Instead, we’d like to make sure that our tools can be used and leveraged as soon in the process as possible. I think that’s what every lender would hope to do also. They’re pushing for things like, “How do I get all these tools upfront?” And the way that we're dealing with that is by starting to take some of these bigger [suites] like Loan Product Advisor apart into components. Loan Product Advisor does all these different things, like credit-asset income, appraisal waivers or appraisal approval. We're breaking those up so that we can handle it by discrete components. If [lenders] want to know sooner in the process just about the appraisal fees or just about income, then they'll be able to do that. That gives them more capability to do things upfront, which is how they save the money.

How often does your team look to other industries for inspiration in innovation?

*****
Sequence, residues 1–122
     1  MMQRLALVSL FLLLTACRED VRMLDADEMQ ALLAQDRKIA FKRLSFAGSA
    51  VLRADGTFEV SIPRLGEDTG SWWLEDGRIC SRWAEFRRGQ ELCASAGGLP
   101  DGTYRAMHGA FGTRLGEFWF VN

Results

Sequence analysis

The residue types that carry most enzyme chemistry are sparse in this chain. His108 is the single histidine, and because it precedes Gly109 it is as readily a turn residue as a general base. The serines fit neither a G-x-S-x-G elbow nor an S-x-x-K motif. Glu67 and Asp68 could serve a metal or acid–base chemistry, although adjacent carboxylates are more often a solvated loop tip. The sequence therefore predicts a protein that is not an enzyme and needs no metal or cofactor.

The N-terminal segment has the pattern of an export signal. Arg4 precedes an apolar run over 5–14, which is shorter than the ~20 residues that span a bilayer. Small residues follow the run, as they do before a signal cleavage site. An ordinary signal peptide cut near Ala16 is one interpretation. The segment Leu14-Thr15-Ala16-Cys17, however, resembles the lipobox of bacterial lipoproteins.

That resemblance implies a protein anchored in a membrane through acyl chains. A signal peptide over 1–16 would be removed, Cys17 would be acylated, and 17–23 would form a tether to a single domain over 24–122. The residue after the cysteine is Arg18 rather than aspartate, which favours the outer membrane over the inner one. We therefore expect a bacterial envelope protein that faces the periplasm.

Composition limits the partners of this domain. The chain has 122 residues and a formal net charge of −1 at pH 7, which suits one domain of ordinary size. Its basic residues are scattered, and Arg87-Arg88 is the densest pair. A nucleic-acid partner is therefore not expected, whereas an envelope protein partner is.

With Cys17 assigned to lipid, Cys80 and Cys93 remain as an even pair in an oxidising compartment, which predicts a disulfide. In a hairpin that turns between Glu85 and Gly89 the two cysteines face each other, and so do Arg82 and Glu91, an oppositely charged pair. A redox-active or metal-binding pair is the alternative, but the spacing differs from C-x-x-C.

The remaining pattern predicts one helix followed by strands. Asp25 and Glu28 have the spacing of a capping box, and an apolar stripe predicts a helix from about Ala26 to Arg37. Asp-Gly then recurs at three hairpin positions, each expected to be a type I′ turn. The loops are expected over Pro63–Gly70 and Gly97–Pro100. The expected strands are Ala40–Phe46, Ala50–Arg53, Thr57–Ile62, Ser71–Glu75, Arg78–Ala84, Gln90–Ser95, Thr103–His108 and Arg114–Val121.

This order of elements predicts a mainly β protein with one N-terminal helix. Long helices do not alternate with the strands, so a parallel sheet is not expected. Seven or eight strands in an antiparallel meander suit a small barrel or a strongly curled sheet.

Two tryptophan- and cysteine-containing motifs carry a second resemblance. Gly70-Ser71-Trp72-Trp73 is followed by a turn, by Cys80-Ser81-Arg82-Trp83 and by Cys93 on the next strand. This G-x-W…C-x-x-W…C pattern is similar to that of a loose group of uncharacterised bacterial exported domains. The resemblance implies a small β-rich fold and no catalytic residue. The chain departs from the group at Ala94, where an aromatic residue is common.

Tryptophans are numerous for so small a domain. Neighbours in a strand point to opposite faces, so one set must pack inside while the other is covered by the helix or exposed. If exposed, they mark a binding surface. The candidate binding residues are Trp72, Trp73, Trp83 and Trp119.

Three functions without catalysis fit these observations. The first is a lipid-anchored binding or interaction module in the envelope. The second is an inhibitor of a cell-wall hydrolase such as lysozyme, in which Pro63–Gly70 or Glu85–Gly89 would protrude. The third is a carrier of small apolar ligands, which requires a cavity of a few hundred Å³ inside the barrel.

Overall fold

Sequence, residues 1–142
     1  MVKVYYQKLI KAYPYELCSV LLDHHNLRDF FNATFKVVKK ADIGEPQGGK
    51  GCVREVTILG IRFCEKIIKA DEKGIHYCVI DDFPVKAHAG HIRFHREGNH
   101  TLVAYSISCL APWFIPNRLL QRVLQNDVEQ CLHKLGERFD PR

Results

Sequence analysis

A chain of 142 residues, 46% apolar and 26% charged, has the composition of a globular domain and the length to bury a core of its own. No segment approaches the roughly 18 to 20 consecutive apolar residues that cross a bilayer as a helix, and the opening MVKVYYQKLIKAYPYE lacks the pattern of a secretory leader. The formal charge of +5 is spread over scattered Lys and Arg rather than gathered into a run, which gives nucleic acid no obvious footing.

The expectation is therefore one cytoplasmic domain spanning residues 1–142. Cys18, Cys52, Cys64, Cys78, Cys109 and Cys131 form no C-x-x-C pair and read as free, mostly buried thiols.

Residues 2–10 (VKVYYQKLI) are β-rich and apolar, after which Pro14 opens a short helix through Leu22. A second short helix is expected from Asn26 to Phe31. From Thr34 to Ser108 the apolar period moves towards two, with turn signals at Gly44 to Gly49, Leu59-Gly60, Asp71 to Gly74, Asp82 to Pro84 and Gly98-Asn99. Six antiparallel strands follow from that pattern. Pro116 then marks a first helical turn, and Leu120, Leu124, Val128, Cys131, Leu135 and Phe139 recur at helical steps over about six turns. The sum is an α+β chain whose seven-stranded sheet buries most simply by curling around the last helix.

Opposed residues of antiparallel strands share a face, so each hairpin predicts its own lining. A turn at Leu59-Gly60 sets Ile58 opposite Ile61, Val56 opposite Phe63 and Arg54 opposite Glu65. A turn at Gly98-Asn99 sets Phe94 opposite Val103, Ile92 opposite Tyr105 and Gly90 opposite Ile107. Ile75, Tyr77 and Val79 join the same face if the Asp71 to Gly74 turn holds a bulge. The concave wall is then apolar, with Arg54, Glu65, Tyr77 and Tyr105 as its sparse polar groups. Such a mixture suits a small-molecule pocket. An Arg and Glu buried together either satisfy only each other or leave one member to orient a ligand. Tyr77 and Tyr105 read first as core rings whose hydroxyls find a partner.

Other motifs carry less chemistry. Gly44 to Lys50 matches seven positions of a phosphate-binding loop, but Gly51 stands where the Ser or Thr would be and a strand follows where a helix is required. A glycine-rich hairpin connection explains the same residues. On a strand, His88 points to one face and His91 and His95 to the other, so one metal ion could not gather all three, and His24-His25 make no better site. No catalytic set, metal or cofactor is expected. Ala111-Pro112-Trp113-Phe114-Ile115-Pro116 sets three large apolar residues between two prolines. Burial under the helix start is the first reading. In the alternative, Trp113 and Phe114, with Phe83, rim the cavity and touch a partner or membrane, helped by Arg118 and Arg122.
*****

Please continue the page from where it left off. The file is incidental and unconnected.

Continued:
Frequently. We have a group that’s called our innovation lab. I have them look at other industries and look at types of technology for the future. We’re always thinking about what else you could use. For the appraisal side, for example, we’re looking at tools such as drones and satellites. We’ve talked to a couple of government agencies where there’s that capability available. I’d love to see all that be much different and leverage these things that we see elsewhere.

We’ve [gotten ideas from other industries on] things like machine learning. We applied machine learning to make our models go faster, our development go faster. We’ve been actively looking into that and artificial intelligence to evaluate our data. We can evaluate tons and tons of data at this point that used to be a manual review. Now, we can run literally millions of transactions through how we’ve set our models. And those are adjustable — we can adjust them up or down and make sure that we’re having the best credit quality possible, while also making it very clear when there’s an opportunity to add value to the process and make it less expensive.